With crimes against women on the rise, the Bombay high court (HC) suggested use of the global positioning system (GPS) to map police stations across the state and connect the data to a mobile application, so the nearest police station can be reached with the touch of a mobile phone in case of an emergency.
The GPS is a space-based satellite navigation system that provides location and time information in all weather conditions, anywhere on or near the Earth where there is an unobstructed line of sight for four or more GPS satellites.
“The suggestion is worth considering [for the state],” the division bench of justice Abhay Oka and justice AK Menon said on Friday, while hearing a bunch of public interest litigations (PILs) raising concern over the safety of women. “In fact, the state government has already carried out the GPS mapping of most police stations across the state,” the judges said.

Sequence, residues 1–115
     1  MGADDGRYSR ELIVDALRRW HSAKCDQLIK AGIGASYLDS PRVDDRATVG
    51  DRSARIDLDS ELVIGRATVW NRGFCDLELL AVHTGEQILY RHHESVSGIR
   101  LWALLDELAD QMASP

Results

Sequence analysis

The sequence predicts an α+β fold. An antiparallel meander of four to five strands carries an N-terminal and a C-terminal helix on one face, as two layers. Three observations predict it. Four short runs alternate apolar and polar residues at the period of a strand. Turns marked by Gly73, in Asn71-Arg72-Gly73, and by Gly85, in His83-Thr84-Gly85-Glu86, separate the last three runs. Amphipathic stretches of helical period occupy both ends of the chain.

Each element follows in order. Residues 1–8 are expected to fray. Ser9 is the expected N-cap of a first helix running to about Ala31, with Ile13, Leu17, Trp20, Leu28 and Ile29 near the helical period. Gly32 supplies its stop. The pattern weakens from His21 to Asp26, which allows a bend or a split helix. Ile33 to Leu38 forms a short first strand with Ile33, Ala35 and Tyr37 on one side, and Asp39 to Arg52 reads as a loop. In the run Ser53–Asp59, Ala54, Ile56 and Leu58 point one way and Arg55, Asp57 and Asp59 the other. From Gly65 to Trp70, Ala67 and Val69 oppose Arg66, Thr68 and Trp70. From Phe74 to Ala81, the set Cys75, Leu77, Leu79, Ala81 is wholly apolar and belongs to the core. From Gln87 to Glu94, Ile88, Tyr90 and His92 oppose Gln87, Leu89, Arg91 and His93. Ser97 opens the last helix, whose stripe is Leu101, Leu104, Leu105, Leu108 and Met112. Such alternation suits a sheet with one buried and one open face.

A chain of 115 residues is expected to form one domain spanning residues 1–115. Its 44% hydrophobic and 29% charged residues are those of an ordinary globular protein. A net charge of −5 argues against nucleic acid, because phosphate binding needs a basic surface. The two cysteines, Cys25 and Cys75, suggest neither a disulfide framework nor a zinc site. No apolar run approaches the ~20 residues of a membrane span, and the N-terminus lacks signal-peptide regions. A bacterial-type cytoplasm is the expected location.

Madhav Jamdar, who represented one of the petitioners, put forth the suggestion, after advocate Rajiv Chavan submitted the government should be directed to provide hotlines connecting to the nearest police stations at public places.
One of the PILs is based on Hindustan Times reports highlighting the plight of women travelling on suburban trains, including the ordeal experienced by a Nerul resident on June 19, 2011. While the Nerul resident was on a train, a man jumped in and threatened to throw the woman out of the train, if she didn’t allow him to sexually assault her. At Juinagar, the woman somehow managed to get off and boarded another compartment.
When the woman approached the government railway police for help at Thane, a constable on duty demanded why she wanted to lodge complaint if “she was neither robbed nor raped” and refused to take down her complaint.
The court has posted the PILs for hearing on March 5 and the government is expected to inform its response to the suggestion on the next date.